In January, interfaith peer ministers returned to campus early and joined the Resident Assistants (RA) training. The joint training built awareness and collaboration among key student leaders, and Interfaith Peer Ministers were invited to help plan the semester of programming with the First-Year Resident Assistants and Commuter Peer Assistants. In this way, the program began to integrate interfaith learning and listening into everyday campus life. In addition to providing intensive training for the peer ministers, the program is also beginning to have an impact on the broader community.
One interfaith peer minister said, “Knowing that these programs take time to build relationships, I had set out this semester to simply be recognized by my students on campus. Now I find myself running into them all over, especially in the Tully Dining Hall where we will always sit and talk for a while. I feel that the most important part of being successful in this position is that I create regular dialogue with interested students. Hopefully this will help when they would like to talk about something a little more serious.”
After the grant year, the Office of Residence Life and Center for Faith and Public Life assessed the pilot program and based on its success, chose to continue the program. They recruited seven new Interfaith Peer Ministers for 2018-19 and enriched and deepened the curriculum through enhanced training, closer collaboration with the RAs and other teams in the residence halls, and more intensive interfaith literacy events. In addition, The Office of Residence Life staff altered their annual “Quality of Life Assessment” to include more questions that explicitly examine the experience of non-Christian students on campus and their perception of a welcoming climate in order to continue to inform their programming in the future.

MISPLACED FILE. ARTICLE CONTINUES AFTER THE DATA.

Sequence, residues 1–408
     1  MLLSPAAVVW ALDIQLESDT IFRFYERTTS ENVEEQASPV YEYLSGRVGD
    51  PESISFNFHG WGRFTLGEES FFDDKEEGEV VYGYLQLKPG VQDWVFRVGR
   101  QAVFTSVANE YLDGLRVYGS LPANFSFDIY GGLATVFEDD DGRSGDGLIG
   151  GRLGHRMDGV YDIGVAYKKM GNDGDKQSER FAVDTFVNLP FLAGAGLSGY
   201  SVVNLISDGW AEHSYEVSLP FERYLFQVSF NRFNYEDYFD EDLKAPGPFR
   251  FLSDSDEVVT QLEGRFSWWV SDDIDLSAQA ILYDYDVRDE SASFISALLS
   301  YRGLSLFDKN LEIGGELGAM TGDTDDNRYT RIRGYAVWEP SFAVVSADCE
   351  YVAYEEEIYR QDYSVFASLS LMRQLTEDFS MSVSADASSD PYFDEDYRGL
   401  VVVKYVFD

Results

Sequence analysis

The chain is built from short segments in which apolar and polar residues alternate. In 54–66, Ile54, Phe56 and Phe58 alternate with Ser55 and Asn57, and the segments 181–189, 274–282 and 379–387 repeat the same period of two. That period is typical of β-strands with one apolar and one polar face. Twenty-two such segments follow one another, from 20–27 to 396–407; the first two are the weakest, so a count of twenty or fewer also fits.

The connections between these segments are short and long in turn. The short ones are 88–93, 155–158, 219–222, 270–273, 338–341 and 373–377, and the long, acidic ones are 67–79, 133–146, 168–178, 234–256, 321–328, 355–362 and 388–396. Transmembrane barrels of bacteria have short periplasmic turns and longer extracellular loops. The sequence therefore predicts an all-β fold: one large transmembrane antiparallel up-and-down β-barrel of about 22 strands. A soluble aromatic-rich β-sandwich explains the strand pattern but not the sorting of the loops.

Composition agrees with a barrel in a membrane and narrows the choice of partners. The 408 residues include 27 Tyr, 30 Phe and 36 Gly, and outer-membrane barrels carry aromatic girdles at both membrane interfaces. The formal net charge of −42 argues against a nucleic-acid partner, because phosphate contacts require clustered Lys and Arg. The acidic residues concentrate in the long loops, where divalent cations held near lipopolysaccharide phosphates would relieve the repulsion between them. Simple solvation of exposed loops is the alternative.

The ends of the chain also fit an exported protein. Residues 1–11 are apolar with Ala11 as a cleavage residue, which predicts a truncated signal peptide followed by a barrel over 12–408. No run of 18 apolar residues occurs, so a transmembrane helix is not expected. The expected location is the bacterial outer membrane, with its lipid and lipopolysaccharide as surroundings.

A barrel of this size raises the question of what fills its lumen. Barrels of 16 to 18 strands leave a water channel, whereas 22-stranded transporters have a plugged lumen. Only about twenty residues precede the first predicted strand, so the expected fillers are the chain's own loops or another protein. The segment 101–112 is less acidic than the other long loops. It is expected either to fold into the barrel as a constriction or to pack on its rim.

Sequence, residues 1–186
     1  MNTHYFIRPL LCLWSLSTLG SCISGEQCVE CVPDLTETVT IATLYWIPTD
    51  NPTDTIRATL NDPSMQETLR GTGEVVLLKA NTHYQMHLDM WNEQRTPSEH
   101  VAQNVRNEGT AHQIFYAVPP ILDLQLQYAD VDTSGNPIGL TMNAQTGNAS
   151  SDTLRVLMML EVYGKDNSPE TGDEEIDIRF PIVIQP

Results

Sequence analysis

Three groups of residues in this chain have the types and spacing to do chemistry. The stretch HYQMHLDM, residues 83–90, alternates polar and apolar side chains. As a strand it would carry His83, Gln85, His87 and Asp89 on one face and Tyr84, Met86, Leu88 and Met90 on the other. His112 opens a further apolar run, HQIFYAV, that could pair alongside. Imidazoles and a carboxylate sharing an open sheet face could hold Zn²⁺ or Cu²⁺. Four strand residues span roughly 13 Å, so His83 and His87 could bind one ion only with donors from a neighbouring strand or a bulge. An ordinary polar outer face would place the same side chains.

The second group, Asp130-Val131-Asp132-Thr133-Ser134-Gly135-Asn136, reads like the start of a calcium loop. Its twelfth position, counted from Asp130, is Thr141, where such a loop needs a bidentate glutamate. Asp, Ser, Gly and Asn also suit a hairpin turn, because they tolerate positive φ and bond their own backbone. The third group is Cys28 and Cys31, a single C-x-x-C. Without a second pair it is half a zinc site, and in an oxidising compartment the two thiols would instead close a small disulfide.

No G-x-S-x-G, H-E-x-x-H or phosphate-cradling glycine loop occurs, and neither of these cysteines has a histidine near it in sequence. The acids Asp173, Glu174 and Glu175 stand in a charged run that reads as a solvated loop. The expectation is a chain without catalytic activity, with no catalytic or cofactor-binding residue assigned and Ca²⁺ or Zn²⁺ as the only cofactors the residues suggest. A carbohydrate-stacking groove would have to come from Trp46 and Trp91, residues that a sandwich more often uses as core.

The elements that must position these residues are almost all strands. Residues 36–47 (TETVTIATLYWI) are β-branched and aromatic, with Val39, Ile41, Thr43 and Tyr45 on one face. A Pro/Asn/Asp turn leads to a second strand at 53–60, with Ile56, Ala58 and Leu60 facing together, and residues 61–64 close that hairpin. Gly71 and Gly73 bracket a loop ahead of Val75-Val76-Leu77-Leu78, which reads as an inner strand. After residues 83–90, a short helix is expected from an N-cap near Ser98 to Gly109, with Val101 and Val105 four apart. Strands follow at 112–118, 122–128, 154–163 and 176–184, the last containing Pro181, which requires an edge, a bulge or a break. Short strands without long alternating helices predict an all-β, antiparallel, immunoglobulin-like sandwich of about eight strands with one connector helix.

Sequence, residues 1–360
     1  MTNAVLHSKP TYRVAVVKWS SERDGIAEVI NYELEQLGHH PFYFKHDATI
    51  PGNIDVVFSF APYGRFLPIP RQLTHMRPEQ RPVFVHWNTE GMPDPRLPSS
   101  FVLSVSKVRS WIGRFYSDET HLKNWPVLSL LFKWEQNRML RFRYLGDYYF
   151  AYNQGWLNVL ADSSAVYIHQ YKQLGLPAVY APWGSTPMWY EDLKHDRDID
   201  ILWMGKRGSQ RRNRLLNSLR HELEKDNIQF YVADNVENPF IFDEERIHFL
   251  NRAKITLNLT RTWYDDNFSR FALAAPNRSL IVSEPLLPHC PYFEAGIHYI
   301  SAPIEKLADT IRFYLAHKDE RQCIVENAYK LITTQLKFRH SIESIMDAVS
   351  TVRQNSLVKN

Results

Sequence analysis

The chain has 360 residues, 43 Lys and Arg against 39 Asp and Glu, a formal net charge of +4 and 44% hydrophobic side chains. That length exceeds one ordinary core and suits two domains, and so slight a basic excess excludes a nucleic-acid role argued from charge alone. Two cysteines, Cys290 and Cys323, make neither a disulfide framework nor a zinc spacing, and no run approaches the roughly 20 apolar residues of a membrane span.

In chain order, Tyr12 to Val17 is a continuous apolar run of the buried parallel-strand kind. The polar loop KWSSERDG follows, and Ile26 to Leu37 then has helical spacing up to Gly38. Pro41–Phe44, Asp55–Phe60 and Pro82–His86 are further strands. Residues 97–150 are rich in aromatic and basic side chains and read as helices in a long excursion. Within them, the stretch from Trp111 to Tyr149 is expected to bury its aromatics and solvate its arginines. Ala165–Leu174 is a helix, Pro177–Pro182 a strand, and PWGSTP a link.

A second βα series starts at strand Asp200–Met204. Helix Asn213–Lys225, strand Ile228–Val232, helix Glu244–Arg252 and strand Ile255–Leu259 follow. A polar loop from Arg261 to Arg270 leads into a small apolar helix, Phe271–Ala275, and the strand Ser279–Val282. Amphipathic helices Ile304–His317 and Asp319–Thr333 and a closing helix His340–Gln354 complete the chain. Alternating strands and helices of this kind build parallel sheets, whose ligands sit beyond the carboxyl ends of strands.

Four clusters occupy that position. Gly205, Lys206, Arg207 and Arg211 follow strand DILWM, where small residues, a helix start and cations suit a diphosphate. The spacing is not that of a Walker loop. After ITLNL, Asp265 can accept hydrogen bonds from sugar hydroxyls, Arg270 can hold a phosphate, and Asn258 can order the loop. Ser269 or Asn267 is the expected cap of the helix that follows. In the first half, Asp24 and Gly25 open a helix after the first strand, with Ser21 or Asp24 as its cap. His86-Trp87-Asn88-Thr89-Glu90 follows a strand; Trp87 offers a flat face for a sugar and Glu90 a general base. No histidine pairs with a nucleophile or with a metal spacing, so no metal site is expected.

Nazareth College is working with students in the School of Education to bring interfaith inclusion into K-12 classrooms. The College has long been known for its teacher education programs and their Campus Innovation Grant project was one more step in providing the most relevant tools for future school leaders.
Nazareth’s grant project was a partnership between the School of Education and the Hickey Center for Interfaith Studies and Dialogue. Both well-regarded institutions at Nazareth College, this is the first time they have intentionally partnered to provide teacher training.
During the 2017-18 academic year, 40 education majors participated in interfaith professional development before commencing student teaching. The student teachers met with faculty and interfaith leaders to learn how to include religious literacy in the classroom. They learned why it’s important to be aware of the needs of religiously diverse students, who may have dietary restrictions or need accommodations for their particular observance, for example. And they explored how to create lesson plans for different subject areas that could bring in multiple faiths. One example shared was for a math class, where the teacher asked students to create posters on great mathematicians from their ethnic or religious backgrounds, and then hung the posters around the classroom.
Once the student teachers began their teaching semester, they continued to participate in a seminar where they discussed interfaith lesson plans and reflected on what was going well and what was challenging.
After the grant concluded, faculty and staff from the School of Education and the Hickey Center for Interfaith Studies and Dialogue continue to work together to offer a series of pedagogical workshops for teacher candidates enrolled in education programs at Nazareth College. They are also exploring collaboration with different school districts in the Greater Rochester area to offer these workshops to teachers already teaching in area schools.